Update on Coronavirus’ Impact on American Travel—Week of May 11th

Americans’ caution-led feelings and plans for travel for the remainder of the year highlight the challenge travel providers face in devising their near-term strategies. But seeing your travel destination advertising online can inspire joy.



IMPORTANT: These findings are brought to you from our independent research, which is not sponsored, conducted or influenced by any advertising or marketing agency. Every week since March 15th, Destination Analysts has surveyed 1,200+ American travelers about their thoughts, feelings, perceptions and behaviors surrounding travel in the wake of the coronavirus pandemic. The findings presented below represent data collected May 8th-10th.

Key Findings to Know:

  • American Travelers are Feeling More Comfortable but Not Necessarily Confident, with Women and Baby Boomers More Cautious
  • Many May Be Waiting to Assess the Experience of the Early (Re)Adopters to Travel
  • Caution-Led Feelings about Travel and Trip Plans Make Estimating Potential Trip Volume Over the Summer More Challenging
  • Travel Ads Deliver Joy, Especially in the Right—Primarily Social/Digital–Setting
  • Travelers are Exhibiting Strong Trust in DMOs for the Information They Need to Travel Safely
  • New Protocols Inspire Safety, with Some Anxiety

Americans travelers are feeling more comfortable this week, but not necessarily more confident. American travelers’ feelings about COVID-19’s impact on their personal finances (6.5/10) and national economy (7.9/10) is at an 8-week low. However, optimism that coronavirus will get better in the U.S. in the next month dipped to a 4-week low. Women and Boomer travelers continue to exhibit more elevated levels of caution around the virus and travel. Nevertheless, the percent of American travelers who feel they will avoid travel until coronavirus is resolved continues to slowly decline (64.8%), and the perceived safety of flying on a commercial airline, staying in a hotel, dining in restaurants and visiting attractions continues to improve from lows seen in early April.



Many American travelers may be waiting to assess the experiences of the early (re)adopters to travel. Nearly 7 in 10 say they miss vacationing a lot–their heart aches for it. Over half say they miss the very act of planning travel. However the vast majority still say they will approach travel with trepidation as they think about starting again.



Americans’ caution-led feelings and plans for travel for the remainder of the year highlight the challenge travel providers face in devising their near-term strategies. This week, 36.0% of American travelers report having one or more trips planned between now and the end of August. But 45.3% estimate they will end up taking their next road trip in this same period (and 20.1% their next air trip) suggesting higher trip volumes potentially on the horizon. Americans estimate the distance of their next road trip to be 423 miles on average, although 43.2% report it will be under 200 miles.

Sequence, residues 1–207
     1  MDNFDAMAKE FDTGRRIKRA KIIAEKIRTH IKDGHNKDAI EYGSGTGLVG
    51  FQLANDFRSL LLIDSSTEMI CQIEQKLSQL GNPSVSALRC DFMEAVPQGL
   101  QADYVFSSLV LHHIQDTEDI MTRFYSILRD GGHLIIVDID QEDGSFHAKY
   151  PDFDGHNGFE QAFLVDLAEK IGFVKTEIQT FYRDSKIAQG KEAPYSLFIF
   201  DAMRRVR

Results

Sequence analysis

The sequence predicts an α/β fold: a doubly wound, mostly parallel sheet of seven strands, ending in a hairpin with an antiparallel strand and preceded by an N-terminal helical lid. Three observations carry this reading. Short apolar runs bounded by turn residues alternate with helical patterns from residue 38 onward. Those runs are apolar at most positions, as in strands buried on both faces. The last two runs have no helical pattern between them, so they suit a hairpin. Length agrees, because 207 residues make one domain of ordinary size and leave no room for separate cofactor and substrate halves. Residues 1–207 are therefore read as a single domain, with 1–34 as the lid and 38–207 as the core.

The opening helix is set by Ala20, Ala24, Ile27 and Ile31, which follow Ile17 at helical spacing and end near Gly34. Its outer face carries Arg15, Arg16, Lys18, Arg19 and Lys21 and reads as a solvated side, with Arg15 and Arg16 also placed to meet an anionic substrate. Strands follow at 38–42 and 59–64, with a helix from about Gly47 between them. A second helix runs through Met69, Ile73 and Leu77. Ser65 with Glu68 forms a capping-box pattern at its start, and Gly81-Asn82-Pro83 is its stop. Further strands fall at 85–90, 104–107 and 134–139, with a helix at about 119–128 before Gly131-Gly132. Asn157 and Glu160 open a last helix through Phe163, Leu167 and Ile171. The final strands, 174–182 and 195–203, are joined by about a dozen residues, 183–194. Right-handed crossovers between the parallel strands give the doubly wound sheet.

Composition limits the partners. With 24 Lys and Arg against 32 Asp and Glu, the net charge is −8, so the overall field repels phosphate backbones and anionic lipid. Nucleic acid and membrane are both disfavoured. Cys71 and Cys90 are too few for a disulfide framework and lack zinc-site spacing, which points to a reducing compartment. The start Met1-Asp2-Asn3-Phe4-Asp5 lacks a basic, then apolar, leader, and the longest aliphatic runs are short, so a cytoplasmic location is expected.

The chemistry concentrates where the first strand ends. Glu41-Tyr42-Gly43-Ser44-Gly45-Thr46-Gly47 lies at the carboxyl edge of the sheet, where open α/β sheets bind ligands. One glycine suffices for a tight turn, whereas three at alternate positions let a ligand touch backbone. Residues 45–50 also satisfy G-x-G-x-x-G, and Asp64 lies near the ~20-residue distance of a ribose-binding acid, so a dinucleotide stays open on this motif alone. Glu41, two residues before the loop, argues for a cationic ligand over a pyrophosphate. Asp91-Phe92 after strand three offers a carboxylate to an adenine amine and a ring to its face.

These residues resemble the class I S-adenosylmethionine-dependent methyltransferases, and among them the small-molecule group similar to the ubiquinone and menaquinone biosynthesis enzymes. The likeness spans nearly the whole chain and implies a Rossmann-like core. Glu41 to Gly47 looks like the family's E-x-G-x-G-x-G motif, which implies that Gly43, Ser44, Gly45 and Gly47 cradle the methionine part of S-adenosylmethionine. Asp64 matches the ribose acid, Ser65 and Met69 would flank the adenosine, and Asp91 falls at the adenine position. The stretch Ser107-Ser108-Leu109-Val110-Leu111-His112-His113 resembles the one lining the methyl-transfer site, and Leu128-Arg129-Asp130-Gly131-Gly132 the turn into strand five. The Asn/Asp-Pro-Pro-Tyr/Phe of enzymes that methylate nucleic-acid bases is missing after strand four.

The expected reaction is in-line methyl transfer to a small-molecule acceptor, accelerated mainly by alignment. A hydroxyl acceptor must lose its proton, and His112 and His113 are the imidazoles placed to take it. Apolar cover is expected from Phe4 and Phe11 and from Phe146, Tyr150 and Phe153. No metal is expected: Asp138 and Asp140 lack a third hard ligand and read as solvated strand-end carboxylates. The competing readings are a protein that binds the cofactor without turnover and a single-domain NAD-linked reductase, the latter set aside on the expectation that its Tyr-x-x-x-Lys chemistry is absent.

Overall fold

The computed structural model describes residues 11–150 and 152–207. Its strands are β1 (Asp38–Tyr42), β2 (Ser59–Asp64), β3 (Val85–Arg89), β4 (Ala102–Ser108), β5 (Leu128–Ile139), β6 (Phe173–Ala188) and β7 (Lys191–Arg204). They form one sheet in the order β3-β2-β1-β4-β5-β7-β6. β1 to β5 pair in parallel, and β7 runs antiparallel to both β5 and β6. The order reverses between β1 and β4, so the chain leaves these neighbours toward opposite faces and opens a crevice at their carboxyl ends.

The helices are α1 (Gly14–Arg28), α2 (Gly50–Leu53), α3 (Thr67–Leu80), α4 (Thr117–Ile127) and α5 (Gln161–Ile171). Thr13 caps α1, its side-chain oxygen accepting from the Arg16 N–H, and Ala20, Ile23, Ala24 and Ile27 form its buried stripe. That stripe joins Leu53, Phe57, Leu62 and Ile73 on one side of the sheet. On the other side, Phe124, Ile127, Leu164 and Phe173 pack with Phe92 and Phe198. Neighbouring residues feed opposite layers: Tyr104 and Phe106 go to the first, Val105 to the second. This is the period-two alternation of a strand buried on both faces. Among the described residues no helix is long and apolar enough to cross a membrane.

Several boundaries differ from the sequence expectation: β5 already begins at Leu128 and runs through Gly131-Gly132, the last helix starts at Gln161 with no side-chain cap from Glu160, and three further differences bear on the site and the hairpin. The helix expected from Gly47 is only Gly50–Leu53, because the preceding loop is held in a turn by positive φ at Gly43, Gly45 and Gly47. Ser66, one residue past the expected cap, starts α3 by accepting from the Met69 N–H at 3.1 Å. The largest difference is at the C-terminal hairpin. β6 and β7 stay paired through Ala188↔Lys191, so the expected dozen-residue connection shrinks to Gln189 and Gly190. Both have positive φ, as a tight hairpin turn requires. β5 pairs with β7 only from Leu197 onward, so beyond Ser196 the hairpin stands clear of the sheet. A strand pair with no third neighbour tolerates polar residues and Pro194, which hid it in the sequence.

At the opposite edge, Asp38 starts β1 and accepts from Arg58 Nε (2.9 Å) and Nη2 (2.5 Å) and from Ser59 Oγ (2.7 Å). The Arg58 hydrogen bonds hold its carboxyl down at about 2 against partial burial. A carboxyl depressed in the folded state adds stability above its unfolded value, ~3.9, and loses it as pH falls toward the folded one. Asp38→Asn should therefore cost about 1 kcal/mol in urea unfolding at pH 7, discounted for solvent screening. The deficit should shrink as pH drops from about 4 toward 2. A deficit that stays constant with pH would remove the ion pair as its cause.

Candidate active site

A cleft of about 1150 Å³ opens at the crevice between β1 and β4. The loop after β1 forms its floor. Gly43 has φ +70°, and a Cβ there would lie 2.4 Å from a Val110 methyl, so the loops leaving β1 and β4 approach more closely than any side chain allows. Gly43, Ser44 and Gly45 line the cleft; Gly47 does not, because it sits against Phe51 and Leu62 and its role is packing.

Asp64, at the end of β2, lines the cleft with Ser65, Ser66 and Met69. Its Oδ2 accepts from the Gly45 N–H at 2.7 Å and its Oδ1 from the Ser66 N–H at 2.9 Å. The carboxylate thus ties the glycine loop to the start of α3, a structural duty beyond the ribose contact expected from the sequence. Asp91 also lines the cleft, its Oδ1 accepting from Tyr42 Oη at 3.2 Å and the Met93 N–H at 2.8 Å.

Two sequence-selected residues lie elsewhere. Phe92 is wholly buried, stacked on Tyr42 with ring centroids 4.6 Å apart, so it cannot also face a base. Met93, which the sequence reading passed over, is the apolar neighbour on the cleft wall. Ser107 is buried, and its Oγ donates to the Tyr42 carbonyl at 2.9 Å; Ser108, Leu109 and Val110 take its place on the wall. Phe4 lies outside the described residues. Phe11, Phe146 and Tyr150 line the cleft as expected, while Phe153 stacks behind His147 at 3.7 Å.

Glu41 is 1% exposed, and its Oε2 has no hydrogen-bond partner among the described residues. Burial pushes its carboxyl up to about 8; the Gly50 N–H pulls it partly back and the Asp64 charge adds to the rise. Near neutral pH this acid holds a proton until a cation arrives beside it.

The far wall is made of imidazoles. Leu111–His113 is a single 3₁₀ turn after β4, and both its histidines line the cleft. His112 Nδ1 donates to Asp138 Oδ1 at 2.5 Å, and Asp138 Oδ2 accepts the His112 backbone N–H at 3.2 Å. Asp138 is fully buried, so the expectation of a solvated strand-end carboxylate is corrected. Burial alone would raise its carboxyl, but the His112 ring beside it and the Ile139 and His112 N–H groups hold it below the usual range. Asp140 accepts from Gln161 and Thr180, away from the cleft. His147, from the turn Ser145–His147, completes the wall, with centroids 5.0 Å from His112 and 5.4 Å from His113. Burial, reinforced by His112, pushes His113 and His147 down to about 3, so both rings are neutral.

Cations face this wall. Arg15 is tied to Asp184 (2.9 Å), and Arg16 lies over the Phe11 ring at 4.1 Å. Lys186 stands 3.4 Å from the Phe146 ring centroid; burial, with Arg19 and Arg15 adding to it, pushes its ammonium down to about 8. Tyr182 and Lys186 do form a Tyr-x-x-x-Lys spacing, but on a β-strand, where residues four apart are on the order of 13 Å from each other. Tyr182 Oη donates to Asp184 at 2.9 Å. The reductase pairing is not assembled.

Travel advertising can deliver joy, especially in the right setting. This week, 17.8% of American travelers recall seeing a travel destination ad within the past month and 56.3% say the most recent travel ad they saw made them feel happy. This feeling was particularly pronounced among Millennials. Over 85 percent of Millennial and GenZ travelers–and 7 in 10 GenX and Boomer travelers—cite a digital resource as where they will be most receptive to a travel messaging reaching them, with social media powerhouses like Instagram and Facebook as well as search engine marketing appearing the likeliest means for meeting travelers where they are. Email also looks to be one of the best ways to reach all ages of travelers in a state of openness to travel messaging.Travelers would like destinations to speak to them in an honest (59’.0%) but friendly (39.6%) tone in advertising.





Travelers are exhibiting strong trust in official destination marketing organizations. When asked about the resources they would trust to provide the information needed to travel safely, official state tourism offices and local visitors bureaus were cited second behind friends and family.

In reaction to new safety protocols being introduced, seeing crews disinfecting an airplane, temperature checks being performed at airports and masks on restaurant staff largely increase travelers feelings of personal safety; although they stimulate some anxiety, as well.



A presentation file summarizing these key findings is available for you to download.
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